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RCN responds to latest Budget: ‘Patient care is paying a heavy price’

27 Oct 2021

Despite longstanding pressures and nursing workforce shortages, the latest budget offers little reassurance to nursing staff, warns RCN.

10 Downing Street frontage

In the Budget today, Chancellor Rishi Sunak announced that the health capital budget will be the largest since 2010. He said that the extra revenue the government is forecasted to raise from the health and social care levy is going direct to the NHS and social care.

He also said new hospitals, hospital upgrades and community diagnostic sectors will be staffed by a “bigger, better trained workforce”.

The Chancellor, however, did not address a fully funded fair and meaningful pay rise for all nursing staff, investment in nursing education, moves to tackle health inequalities or sustainable social care.

Ahead of the review, the RCN urged the UK government to make much-needed long-term investments in the nursing workforce and health care services, and earlier this month we submitted evidence-backed priorities to the government.

Responding to the Budget statement from the Chancellor, RCN General Secretary & Chief Executive, Pat Cullen, said: “Despite lip service to levelling up, the Chancellor has ducked the opportunity to address health inequalities and invest in the country's nursing staff as a means of investing in patient safety.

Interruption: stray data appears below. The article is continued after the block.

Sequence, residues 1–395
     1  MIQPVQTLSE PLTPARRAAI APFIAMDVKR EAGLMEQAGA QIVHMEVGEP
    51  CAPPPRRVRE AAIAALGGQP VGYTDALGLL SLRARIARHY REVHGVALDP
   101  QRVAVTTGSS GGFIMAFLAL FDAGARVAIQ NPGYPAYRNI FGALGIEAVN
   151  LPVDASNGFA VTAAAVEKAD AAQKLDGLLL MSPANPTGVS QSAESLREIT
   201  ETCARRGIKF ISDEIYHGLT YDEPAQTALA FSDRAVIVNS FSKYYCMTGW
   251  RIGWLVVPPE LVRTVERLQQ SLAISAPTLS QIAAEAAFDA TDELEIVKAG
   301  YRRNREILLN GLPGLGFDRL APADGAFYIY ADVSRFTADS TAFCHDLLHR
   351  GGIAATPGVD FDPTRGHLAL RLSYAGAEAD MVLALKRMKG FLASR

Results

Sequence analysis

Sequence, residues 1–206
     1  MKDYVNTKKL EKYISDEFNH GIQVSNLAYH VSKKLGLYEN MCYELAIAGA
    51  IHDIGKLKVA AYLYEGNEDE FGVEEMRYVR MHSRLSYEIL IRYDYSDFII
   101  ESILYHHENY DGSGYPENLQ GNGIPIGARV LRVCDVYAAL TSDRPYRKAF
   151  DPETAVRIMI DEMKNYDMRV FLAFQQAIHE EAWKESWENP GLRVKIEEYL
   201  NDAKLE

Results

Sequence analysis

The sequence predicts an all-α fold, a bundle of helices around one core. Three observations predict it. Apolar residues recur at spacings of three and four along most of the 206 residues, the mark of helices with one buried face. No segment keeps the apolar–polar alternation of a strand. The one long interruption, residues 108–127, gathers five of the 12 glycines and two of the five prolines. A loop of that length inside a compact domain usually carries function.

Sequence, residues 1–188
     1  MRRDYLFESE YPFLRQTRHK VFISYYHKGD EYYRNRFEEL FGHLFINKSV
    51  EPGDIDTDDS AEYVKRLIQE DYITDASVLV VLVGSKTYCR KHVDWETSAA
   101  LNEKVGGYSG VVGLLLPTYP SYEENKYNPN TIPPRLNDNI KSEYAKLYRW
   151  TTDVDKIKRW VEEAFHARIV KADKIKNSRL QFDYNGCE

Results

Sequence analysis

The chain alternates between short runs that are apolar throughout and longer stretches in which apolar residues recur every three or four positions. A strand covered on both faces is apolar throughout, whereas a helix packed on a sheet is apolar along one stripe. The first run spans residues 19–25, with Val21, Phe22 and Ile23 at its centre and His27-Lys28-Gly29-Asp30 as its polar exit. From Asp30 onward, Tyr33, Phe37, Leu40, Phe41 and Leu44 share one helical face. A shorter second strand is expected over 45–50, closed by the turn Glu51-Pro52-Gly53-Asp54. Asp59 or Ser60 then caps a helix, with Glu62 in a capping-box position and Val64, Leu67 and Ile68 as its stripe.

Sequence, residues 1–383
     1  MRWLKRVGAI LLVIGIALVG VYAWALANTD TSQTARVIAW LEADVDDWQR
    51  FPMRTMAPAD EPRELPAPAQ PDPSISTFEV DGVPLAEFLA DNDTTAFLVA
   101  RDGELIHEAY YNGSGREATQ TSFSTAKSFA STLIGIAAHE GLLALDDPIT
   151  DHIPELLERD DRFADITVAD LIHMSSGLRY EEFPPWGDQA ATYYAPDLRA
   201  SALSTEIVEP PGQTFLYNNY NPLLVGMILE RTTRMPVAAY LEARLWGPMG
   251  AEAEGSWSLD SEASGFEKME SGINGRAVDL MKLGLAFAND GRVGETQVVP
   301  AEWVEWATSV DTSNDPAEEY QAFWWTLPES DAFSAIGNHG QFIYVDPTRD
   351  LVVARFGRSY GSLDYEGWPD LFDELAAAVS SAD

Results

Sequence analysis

“The pay freeze hit nurses working in social care and the community – but whether in the NHS or not, nursing staff need a proper pay rise that finally recognises their skill and professionalism.

“He failed to address their pay and again kicked the can down the road by failing to give any commitment to a funded strategy for England to address the tens of thousands of vacant nurse jobs in health and care.

“The public's greatest fear for health and care services is the current lack of staff. With salaries falling in real terms each year, too many more are considering their future.

“Patient care is paying a heavy price, as is our workforce. Any new centre or clinic requires skilled staff, as does the backlog of people needing care and support.

“Announcements on new hospitals and clinics raise patient expectations but without investment in the nursing workforce waiting lists will continue to grow.

“Patient safety should be the primary concern of every politician. Today's statement sets the direction for the next few years but completely misses the chance to address years of absent workforce planning.”

Page last updated - 28/03/2022